Introducing the Soundscience Rockus 3D 2.1

When Antec decided they wanted to introduce sound products to their portfolio with their new Soundscience brand, they weren't kidding around. They sent representatives to demo the Rockus 3D 2.1 speaker system to the press and take questions in person. I was sat down in front of a Toshiba notebook connected via analog minijack to the Rockus 3D and allowed to play with the speakers, play different music, try some tracks off of YouTube, listen to a movie demonstration. And when it was all over, they sent me home with a set of the speakers that I have rigorously put through their paces during the past 10 days.

So before we get ahead of ourselves, let's talk about the Rockus 3D itself. The Antec rep was adamant that this speaker system be near perfect out of the box, and I believe him. It's a "basic" 2.1 system: two satellites rated for 25 watts and a frequency response between 10 Hz and 20 kHz, and a large (but surprisingly not too large) subwoofer rated for 100 watts. The satellites themselves connect via an RCA jack in the back and use a fairly robust cable that splits into speaker wire when it connects to the subwoofer. Build quality on the satellites is impressive: they use anodized aluminum for almost the entire build save a glossy plastic rim around the speaker proper that serves more for decoration than anything else. This is supposed to produce a cleaner, distortion free sound that plastic speaker satellites may have more trouble with, but it also gives them some heft. We have no complaints about build quality at least; these feel solid.

The subwoofer is simultaneously more and less fortunate. As the basic control hub for the speaker system the housing is a sturdy plastic with the typical cloth front, and it's actually comparatively small, measuring at 13.8"x7.7"x10.6". The subwoofer fires forward instead of down the way many cheaper units I've seen do, and spoiler alert: it can fill a room. Connectivity on the back is kept fairly clean and manageable: there's a port to connect the remote controller (which is heavy enough to actually hold its place on your desk without being at the mercy to the cable connecting it), a power switch, the two sets of speaker inputs, and then three audio inputs. This is important: the Rockus 3D accepts a dual RCA connection, a standard 3.5mm minijack connection, and a TOSLINK optical connection. This last one is supposed to make the Rockus 3D ideal not just for your computer but for your blu-ray player or gaming console, but frankly it's just nice to see a digital connection. Finally, there's a hard switch to choose between three levels of bass, and that's disappointing: it would've been nicer to see an analog knob to let you finetune the output of the subwoofer.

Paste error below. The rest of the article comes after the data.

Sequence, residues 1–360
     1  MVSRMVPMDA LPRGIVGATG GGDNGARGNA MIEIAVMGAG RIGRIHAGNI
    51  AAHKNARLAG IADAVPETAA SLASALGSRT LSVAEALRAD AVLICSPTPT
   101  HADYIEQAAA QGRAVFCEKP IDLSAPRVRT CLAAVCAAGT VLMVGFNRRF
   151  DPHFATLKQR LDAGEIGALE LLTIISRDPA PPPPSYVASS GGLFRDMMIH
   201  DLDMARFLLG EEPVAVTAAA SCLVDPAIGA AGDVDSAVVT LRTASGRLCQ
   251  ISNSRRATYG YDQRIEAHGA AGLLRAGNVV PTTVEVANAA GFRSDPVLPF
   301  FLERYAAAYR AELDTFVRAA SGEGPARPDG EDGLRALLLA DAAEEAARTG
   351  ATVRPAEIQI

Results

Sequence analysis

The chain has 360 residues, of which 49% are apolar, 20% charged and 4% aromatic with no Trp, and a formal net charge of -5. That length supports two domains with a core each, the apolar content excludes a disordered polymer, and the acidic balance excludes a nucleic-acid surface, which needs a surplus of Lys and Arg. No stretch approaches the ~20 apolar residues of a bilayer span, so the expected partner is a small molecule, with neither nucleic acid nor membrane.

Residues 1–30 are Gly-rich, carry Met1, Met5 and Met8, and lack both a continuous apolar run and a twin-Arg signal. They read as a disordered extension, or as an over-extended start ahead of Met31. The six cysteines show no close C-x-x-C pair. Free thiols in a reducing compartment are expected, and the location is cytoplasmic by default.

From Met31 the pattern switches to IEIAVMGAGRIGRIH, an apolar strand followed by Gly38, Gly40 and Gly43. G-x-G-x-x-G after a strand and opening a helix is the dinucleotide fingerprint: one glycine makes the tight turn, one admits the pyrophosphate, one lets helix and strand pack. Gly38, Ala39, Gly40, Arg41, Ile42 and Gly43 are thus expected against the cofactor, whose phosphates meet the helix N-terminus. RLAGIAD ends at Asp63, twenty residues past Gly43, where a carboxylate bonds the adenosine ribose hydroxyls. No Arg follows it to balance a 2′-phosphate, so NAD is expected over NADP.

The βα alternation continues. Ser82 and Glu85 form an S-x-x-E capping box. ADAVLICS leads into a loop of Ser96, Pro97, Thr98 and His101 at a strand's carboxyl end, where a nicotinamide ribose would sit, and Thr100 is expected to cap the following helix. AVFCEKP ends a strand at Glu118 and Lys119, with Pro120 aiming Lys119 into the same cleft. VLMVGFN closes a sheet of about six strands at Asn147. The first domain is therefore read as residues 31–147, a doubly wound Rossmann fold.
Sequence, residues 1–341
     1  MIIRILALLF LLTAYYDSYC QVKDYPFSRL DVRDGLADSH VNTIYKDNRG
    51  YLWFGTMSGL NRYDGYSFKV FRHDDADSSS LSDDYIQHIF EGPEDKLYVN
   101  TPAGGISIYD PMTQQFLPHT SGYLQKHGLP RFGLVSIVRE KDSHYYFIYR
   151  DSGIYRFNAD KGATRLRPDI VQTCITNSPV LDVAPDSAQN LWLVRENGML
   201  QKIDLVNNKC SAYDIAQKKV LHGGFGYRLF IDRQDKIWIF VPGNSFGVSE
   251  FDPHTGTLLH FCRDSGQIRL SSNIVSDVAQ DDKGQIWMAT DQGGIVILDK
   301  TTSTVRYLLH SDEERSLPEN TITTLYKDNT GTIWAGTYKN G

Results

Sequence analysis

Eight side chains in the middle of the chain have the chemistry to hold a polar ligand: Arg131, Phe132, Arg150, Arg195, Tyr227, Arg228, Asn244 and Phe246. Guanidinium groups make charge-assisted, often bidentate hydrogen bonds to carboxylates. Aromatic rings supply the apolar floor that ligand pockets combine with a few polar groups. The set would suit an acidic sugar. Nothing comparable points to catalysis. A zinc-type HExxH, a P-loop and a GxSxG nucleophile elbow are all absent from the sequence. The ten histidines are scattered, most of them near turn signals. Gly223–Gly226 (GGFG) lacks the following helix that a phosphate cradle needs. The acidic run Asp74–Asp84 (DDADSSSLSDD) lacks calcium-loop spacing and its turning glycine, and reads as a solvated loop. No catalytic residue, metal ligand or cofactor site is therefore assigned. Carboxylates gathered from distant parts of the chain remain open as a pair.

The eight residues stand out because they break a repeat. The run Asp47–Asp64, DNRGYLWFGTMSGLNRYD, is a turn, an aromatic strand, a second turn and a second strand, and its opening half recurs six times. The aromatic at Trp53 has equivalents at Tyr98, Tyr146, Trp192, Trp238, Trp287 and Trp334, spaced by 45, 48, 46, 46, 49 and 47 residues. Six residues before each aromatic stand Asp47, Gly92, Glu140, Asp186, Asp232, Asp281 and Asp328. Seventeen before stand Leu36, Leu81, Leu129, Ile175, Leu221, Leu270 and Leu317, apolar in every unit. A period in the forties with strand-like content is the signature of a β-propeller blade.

Last but not least we have the remote, which is weighted fairly well but does feel comparatively cheaper than the rest of the kit. The top disc is the volume knob—press down to toggle mute—and the front of the unit has four indicator lights and a toggle button: one of the lights indicates whether the speakers are in digital or analog mode, the next two indicate whether they're in music mode or 3D mode (more on this later), and the last indicates whether the speakers are being muted. To toggle between digital and analog inputs, just hold the button for three seconds. Otherwise, one press switches between music and 3D modes.

The package includes pretty much everything you'll need to connect everything to everything, but there are a couple of major shortcomings. The cables used to connect to the satellites may be of good quality, but they're fairly short and made positioning a bit difficult on my desk. Despite including robust minijack-to-minijack and minijack-to-dual-RCA cables, Antec also neglects to include an optical cable. I understand these aren't the cheapest cables in the world, but having to go out and buy my own was a little irritating, especially when this is really one of the better features of the speaker set.

It's also worth pointing out that there isn't a single certification on the box or the unit: no THX, no DTS, no SRS, no Dolby, nothing. And I can confirm: the optical input takes PCM audio and that's about it.

Testing the Rockus 3D


View All Comments

  • wtfbbqlol - Thursday, November 18, 2010 - link

    You may not like seeing a subjective review of speakers, and I know for a fact that Dustin isn't particularly happy doing these reviews simply because of the backlash, but tell me this: has this review actually harmed any reader in any way? Would anyone read this review and come away thinking, "OMG I HAVE TO UPGRADE"? 95% of all audio commentary is going to be subjective, but you can hide it behind measurements and such (yeah, I just made up that statistic). It's a shorter op-ed piece about a new set of speakers that come from a brand any enthusiast is familiar with, and ultimately the conclusion is that they sound good but they're too expensive. Hardly a sham, ringing endorsement, or fluff piece.
    Weak excuse. Judging the quality of an online review by the degree of 'harm' it does to its readers? Come on. Anandtech should strive for better than that. My personal belief is a hardware review that is not supplemented some way by repeatable, measurable results qualifies as a fluff piece.

    But, I'll make sure that next time anyone mentions an audio review to me, I'll point Anand this way and say that we should probably just let sleeping dogs lie, so that our readers can get information elsewhere. Like this: